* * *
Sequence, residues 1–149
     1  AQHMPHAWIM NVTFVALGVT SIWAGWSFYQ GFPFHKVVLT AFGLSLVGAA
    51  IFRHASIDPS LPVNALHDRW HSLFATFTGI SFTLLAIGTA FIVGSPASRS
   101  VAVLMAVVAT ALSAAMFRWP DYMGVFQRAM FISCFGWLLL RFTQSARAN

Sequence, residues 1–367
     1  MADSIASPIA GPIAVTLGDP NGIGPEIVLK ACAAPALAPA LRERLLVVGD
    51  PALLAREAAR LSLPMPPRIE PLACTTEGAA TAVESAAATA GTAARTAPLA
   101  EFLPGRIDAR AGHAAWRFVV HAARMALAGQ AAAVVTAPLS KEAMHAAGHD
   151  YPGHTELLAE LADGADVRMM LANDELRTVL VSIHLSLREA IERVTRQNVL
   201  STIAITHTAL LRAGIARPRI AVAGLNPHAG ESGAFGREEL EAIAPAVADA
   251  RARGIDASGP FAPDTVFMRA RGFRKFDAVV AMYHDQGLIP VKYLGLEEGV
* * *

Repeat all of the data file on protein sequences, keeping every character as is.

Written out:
Sequence, residues 1–149
     1  AQHMPHAWIM NVTFVALGVT SIWAGWSFYQ GFPFHKVVLT AFGLSLVGAA
    51  IFRHASIDPS LPVNALHDRW HSLFATFTGI SFTLLAIGTA FIVGSPASRS
   101  VAVLMAVVAT ALSAAMFRWP DYMGVFQRAM FISCFGWLLL RFTQSARAN

Sequence, residues 1–367
     1  MADSIASPIA GPIAVTLGDP NGIGPEIVLK ACAAPALAPA LRERLLVVGD
    51  PALLAREAAR LSLPMPPRIE PLACTTEGAA TAVESAAATA GTAARTAPLA
   101  EFLPGRIDAR AGHAAWRFVV HAARMALAGQ AAAVVTAPLS KEAMHAAGHD
   151  YPGHTELLAE LADGADVRMM LANDELRTVL VSIHLSLREA IERVTRQNVL
   201  STIAITHTAL LRAGIARPRI AVAGLNPHAG ESGAFGREEL EAIAPAVADA
   251  RARGIDASGP FAPDTVFMRA RGFRKFDAVV AMYHDQGLIP VKYLGLEEGV